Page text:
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Memory Architecture

SQL Server dynamically acquires and frees memory as required. Typically, an administrator does not have to specify how much memory should be allocated to SQL Server, although the option still exists and is required in some environments.

SQL Server supports Address Windowing Extensions (AWE) allowing use of physical memory over 4 gigabytes (GB) on 32-bit versions of Microsoft Windows operating systems. Up to 64 GB of physical memory is supported. Instances of SQL Server that are running on Microsoft Windows 2000 use static AWE memory allocation, and instances that are running on Microsoft Windows Server 2003 use dynamic AWE memory allocation. 


Support for AWE is available only in the SQL Server Enterprise, Standard, and Developer editions and only applies to 32-bit operating systems. Analysis Services cannot take advantage of AWE mapped memory. If the available physical memory is less than the user mode virtual address space, AWE cannot be enabled.

One of the primary design goals of all database software is to minimize disk I/O because disk reads and writes are among the most resource-intensive operations. SQL Server builds a buffer pool in memory to hold pages read from the database. Much of the code in SQL Server is dedicated to minimizing the number of physical reads and writes between the disk and the buffer pool. SQL Server tries to reach a balance between two goals:

  • Keep the buffer pool from becoming so big that the entire system is low on memory.

  • Minimize physical I/O to the database files by maximizing the size of the buffer pool.

For more information, see Buffer Management.

By default, the SQL Server 2005 editions dynamically manage memory for each instance. There are differences in the way SQL Server manages AWE-mapped memory on Windows 2000 and later versions of the operating systems.


In a heavily loaded system, some large queries that require a large amount of memory to run cannot get the minimum amount of requested memory and receive a time-out error while waiting for memory resources. To resolve this, increase the query wait Option. For a parallel query, consider reducing the max degree of parallelism Option.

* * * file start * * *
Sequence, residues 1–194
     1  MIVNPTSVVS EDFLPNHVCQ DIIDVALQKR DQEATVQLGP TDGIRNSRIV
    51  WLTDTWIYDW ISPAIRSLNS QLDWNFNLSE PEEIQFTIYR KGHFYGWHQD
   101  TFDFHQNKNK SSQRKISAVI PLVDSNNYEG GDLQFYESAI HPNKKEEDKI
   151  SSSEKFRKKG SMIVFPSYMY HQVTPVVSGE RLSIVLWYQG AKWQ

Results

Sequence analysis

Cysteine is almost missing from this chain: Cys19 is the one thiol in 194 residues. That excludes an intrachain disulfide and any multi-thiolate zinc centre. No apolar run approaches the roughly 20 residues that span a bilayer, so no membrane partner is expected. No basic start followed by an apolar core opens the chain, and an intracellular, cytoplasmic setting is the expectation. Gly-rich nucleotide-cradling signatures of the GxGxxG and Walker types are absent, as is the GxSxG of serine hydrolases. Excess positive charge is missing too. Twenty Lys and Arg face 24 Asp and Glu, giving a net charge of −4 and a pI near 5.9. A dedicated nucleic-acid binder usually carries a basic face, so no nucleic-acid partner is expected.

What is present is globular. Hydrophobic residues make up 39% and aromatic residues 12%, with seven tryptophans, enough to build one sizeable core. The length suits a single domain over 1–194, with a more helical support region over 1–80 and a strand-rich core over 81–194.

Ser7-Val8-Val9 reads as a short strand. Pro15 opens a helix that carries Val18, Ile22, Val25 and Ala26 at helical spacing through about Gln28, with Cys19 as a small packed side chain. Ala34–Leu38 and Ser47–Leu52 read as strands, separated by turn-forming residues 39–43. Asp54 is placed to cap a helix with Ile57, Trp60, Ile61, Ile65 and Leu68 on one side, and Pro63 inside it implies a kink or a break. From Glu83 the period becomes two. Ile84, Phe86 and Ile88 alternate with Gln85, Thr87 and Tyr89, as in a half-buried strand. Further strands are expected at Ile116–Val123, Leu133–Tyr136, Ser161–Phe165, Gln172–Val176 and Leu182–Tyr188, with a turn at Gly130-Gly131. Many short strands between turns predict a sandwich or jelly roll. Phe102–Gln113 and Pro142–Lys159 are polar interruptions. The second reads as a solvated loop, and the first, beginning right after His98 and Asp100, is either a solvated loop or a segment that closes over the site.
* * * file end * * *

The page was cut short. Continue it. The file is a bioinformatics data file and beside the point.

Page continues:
In a heavily loaded system under memory pressure, queries with merge join, sort and bitmap in the query plan can drop the bitmap when the queries do not get the minimum required memory for the bitmap. This can affect the query performance and if the sorting process can not fit in memory, it can increase the usage of worktables in tempdb database, causing tempdb to grow. To resolve this problem add physical memory or tune the queries to use a different and faster query plan. For tuning information, see Optimizing tempdb Performance and How to: Tune a Database.

Providing the Maximum Amount of Memory to SQL Server

By using AWE and the Locked Pages in Memory privilege, you can provide the following amounts of memory to the SQL Server Database Engine.



Conventional memory

All SQL Server editions: Up to process virtual address space limit:

  • 2 GB

  • 3 GB with /3gb boot parameter1

  • 4 GB on WOW642

All SQL Server editions: Up to process virtual address space limit:

  • 7 terabytes on IA64 architecture

  • 8 terabytes on x64 architecture

On Windows Server 2003, the limitation is 512 GB; and on Windows Server 2003 Service Pack 1, the limitation is 1 terabyte. When Windows supports additional memory, SQL Server can reach the limits listed.

AWE mechanism (Allows SQL Server to go beyond the process virtual address space limit on 32-bit platform.)

SQL Server Standard, Enterprise, and Developer editions: Buffer pool is capable of accessing up to 64 GB of memory.

Not applicable3

Locked pages in memory operating system (OS) privilege (Allows locking physical memory, preventing OS paging of the locked memory.)4

SQL Server Standard, Enterprise, and Developer editions: Required for SQL Server process to use AWE mechanism. Memory allocated through AWE mechanism cannot be paged out.

Granting this privilege without enabling AWE has no effect on the server.

SQL Server Enterprise and Developer editions: Recommended, to avoid operating system paging. Might provide a performance benefit depending on the workload. The amount of memory accessible is similar to conventional memory case.

1**/3gb** is an operating-system boot parameter. For more information, visit the MSDN Library.

2 WOW64 (Windows on Windows 64) is a mode in which 32-bit SQL Server runs on a 64-bit operating system. For more information, visit the MSDN Library.

3 Note that the sp_configureawe enabled option is present on 64-bit SQL Server, but it is ignored. It is subject to removal in future releases or service packs of 64-bit SQL Server.

4 If locked pages in memory privilege is granted (either on 32-bit for AWE support or on 64-bit by itself), we recommend also setting max server memory. For more information, see Server Memory Options.